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In the course of the discourse before his Passion, Our Lord Jesus Christ, said to his Apostles: ‘You are no longer servants, but friends.’  That message was directed to all his followers.  Not only has God made us in his own image, but he has called us to the ineffable level of Divine friendship.  The reader will be reminded of St Paul’s reinforcement of the message: ‘[Y]ou are no longer aliens in a foreign land, but fellow-citizens with God's people, members of God's household.’ [1]

In the Second Part of the Summa Theologiae, St Thomas deals with the question, Whether sinners love themselves?  In the course of his answer, he repeats the teaching of Aristotle on the five marks of friendship. [2]

“Love of self is common to all men… For it is common to all for each one to love what he thinks himself to be.  Now a man is said to be a thing in two ways: in one fashion, according to his substance and nature; and in this way all estimate themselves to be what they are––a compound of soul and body.  In this way, too, all men, both good and wicked, love themselves, inasmuch as they love their own preservation.

“In another fashion a man is said to be something according to some principal characteristic, as the head of state is said to be the state, and so what the sovereign does the state is said to do.  Now in this way all men do not think themselves to be what they are.  For the reasoning mind is the predominant part of man, while the sensitive and corporeal nature takes the second place, the former which the Apostle calls the inward man, and the latter, the outward man.  Now the good look upon their rational nature or the inward man as being the chief thing in them and so in this way they think themselves to be what they are.  On the other hand, the wicked reckon their sensitive and corporeal nature, or the outward man, to hold the first place.  And so, since they know not themselves correctly, they do not love themselves correctly, but love what they think themselves to be.  But the good know themselves truly, and therefore they truly love themselves.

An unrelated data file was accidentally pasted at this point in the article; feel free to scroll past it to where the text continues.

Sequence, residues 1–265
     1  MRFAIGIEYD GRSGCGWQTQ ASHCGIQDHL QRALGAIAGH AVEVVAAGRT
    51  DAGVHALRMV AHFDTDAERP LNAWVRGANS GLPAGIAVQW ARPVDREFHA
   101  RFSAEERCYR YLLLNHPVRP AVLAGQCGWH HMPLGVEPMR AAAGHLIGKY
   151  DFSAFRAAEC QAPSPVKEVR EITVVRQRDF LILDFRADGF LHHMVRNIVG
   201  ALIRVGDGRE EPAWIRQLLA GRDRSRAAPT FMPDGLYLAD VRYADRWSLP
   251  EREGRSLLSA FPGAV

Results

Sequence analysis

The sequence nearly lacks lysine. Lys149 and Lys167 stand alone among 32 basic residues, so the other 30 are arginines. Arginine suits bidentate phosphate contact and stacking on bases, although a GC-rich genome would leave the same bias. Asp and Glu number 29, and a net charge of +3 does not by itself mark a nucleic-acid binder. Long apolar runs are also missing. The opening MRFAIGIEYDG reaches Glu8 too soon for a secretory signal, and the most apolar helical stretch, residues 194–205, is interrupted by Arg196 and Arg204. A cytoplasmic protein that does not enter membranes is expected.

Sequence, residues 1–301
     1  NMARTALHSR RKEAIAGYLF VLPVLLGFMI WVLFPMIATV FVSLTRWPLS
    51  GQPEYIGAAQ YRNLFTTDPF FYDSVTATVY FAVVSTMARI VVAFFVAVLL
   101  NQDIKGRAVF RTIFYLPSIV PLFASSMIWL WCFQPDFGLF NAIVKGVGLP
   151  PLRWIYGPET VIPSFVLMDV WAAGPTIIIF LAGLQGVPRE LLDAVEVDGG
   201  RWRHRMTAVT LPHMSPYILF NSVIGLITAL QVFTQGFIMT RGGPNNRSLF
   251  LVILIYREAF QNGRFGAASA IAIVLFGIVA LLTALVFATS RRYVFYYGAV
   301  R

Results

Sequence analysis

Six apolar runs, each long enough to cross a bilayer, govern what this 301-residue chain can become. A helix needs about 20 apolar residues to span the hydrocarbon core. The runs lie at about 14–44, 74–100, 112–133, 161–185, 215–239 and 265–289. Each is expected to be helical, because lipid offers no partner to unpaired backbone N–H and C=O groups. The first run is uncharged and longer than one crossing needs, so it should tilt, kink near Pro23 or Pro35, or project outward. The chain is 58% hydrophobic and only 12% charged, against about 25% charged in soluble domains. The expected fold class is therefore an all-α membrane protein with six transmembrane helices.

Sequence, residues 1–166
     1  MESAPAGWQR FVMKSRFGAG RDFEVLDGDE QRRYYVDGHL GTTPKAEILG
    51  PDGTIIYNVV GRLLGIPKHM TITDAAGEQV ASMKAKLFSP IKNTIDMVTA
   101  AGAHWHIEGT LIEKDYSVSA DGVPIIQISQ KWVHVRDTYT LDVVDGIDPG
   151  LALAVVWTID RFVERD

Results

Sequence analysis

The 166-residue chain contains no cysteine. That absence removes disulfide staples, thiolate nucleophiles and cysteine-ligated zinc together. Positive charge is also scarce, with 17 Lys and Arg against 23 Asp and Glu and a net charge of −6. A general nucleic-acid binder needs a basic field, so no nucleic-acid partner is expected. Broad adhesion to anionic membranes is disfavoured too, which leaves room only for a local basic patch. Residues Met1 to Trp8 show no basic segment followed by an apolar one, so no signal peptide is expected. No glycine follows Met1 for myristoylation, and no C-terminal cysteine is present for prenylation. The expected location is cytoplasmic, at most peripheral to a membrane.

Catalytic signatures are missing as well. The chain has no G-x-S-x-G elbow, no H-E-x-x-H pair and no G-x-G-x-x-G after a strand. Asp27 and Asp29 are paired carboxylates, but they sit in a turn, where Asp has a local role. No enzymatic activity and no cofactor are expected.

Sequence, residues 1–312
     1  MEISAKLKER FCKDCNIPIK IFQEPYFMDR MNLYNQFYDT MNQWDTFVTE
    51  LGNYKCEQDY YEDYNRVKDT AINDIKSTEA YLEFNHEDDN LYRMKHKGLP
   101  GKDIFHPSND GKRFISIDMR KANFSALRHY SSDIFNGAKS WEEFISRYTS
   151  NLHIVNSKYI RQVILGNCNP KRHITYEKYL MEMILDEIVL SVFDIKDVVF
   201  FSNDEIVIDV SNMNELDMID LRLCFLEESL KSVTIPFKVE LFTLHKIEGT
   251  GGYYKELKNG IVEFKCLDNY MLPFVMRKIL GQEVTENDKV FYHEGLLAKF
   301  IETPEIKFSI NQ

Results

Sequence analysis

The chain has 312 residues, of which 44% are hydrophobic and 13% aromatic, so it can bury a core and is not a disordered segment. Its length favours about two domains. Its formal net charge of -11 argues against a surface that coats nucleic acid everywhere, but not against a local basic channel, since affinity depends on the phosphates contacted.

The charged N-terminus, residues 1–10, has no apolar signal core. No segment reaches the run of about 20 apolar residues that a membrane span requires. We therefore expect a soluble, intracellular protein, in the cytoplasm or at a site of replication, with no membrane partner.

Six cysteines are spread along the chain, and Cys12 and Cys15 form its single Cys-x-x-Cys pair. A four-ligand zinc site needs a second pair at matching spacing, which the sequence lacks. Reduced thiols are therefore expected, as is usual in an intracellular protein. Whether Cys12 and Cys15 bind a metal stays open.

“The Philosopher proves this from five things that are proper to friendship.  For in the first place, every friend wishes his friend to be and to live; secondly, he desires good things for him; thirdly, he does good things to him; fourthly, he takes pleasure in his company; fifthly, he is of one mind with him, rejoicing and being saddened in almost the same things.

“In this way the good love themselves as to the interior man because they wish the preservation thereof in its integrity; they desire good things for him, namely spiritual goods; indeed they do their best to obtain them; and they take pleasure in entering into their own hearts because they find there good thoughts in the present, the memory of past good, and the hope of future good, all of which are sources of pleasure.  Likewise they experience no clashing of wills, since their whole soul tends to one thing.